News / Africa

Former Chadian Leader to Face Trial in Senegal

Exiled Chadian dictator Hissene Habre has lived in Senegal since 1993.  He remains under nominal house arrest, pending trial for overseeing the killings and torture of Chadians in detention during the 1980's.Exiled Chadian dictator Hissene Habre has lived in Senegal since 1993. He remains under nominal house arrest, pending trial for overseeing the killings and torture of Chadians in detention during the 1980's.
x
Exiled Chadian dictator Hissene Habre has lived in Senegal since 1993.  He remains under nominal house arrest, pending trial for overseeing the killings and torture of Chadians in detention during the 1980's.
Exiled Chadian dictator Hissene Habre has lived in Senegal since 1993. He remains under nominal house arrest, pending trial for overseeing the killings and torture of Chadians in detention during the 1980's.
James Butty
A lawyer for the U.S.-based Human Rights Watch says he has confidence in the commitment of Senegal’s new president, Macky Sall, to put former Chadian President Hissène Habré on trial in Senegal. 

This comes after it was announced late Wednesday that Senegal and the African Union have signed an agreement to set up a special tribunal to try Habré, who is accused of murdering more than 40,000 people during his eight-year rule. 

The International Court of Justice (ICJ) ruled last month that Senegal had to act quickly to put Habré on trial or extradite him to Belgium to stand trial at the ICJ.

Human rights lawyer Reed Brody who said he has been working with victims of the former Chadian leader for 13 years, said the news of a special tribunal means that Habré may soon face justice for his crimes.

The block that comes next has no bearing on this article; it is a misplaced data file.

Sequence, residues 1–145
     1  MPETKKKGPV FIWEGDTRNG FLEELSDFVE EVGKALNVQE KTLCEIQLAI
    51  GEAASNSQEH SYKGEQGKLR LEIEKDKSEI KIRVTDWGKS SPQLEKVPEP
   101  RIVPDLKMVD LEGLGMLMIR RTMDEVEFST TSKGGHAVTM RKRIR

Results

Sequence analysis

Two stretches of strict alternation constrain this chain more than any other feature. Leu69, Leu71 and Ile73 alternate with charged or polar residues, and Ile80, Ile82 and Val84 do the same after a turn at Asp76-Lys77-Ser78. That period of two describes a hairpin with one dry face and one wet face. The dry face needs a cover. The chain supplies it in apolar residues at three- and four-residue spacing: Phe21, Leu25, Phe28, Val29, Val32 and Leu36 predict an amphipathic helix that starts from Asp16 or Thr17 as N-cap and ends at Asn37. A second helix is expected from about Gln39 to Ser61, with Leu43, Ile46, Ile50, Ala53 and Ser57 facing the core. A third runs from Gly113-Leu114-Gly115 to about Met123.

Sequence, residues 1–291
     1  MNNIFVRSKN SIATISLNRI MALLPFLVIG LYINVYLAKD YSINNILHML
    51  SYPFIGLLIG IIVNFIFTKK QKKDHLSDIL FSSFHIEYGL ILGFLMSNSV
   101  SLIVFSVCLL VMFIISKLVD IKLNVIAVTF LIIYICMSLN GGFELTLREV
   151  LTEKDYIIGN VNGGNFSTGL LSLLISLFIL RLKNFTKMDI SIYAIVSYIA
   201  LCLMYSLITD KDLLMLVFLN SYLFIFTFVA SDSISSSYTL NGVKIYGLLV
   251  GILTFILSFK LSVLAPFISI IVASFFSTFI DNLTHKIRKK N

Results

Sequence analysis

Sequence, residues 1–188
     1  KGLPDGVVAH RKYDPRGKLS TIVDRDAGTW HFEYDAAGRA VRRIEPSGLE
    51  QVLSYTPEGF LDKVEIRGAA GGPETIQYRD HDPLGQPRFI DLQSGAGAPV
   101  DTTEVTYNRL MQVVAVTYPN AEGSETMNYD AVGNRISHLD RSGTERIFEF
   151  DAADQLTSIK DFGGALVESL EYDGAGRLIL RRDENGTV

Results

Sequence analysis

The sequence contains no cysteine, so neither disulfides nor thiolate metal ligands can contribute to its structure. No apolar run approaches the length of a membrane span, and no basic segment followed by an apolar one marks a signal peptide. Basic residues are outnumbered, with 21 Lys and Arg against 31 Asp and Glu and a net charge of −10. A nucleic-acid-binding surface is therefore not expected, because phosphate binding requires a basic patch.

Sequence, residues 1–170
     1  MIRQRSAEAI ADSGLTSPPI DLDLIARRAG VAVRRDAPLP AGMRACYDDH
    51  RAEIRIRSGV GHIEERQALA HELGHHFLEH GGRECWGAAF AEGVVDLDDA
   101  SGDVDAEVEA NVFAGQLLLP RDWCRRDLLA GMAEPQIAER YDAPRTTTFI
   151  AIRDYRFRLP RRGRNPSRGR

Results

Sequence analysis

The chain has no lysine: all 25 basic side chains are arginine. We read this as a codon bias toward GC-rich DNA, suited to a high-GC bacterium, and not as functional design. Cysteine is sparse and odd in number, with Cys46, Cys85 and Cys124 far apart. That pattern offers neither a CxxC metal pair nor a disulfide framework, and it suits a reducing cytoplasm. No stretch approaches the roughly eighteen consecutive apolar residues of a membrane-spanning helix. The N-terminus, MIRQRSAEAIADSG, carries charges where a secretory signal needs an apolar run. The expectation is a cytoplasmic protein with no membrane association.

“This is an important agreement. This brings us one step closer to Hissène Habré’s trial, and it is an important step to the long campaign that victims of Hissène Habré have been waging to bring him to justice,” he said.

Belgium issued an arrest warrant against Habré in 2005, after a Belgian of Chadian origin filed a complaint against him under Belgium’s “universal competence” law.

The law allows those accused of crimes under international law, which have affected Belgians, to be tried in Belgium.

Butty interview with Brody
Butty interview with Brodyi
|| 0:00:00
...    
🔇
X

But after nearly 12 years, Senegal, which had said it was willing to try Habré in Senegal failed to do so.

The International Court of Justice ruled last month that Senegal had to act quickly to put Habré on trial or extradite him to Belgium to stand trial at the ICJ.

Brody said he is sure the new Senegalese government under Macky Sall would live up to its international obligation.

“The new government of Senegal under Macky Sall has been committed  to bringing Habré to justice. So this responds to that decision, but it also reflects, I believe, a new willingness on the part of the Senegalese government to live up to its international obligation and to bring Habré to justice,” Brody said.

He said the special tribunal that will try Habre would include Senegalese and other African judges.

“The agreement calls for what are known as extraordinary African chambers within the existing Senegalese court structure with sections to handle investigations, trial and appeal. And the trial court and appeal court will each consist of two Senegalese judges and the president from another African country,” he said.

An ex-prisoner of the former Chadian president told VOA in July there can be no reconciliation until Habré is finally put on trial.

Clement Abaifouta, president of the Association of Victims of the Crimes of Hissène Habré said victims of Habré have been frustrated with Senegal’s delay in putting the former Chadian leader on trial.

Brody agreed that many victims had been discouraged with Senegal, but he said unlike its predecessor,  the Macky Sall government is determined to put the former Chadian leader trial.

“As you know, Senegal had really toyed with the victims’ hope for so many years. Bishop Desmond Tutu referred to it is a political and legal soap opera to which the victims had been subject. So there’s a lot of mistrust of Senegal, and it’s going to be important for the government to move quickly and expediently to show that this time it means it,” Brody said.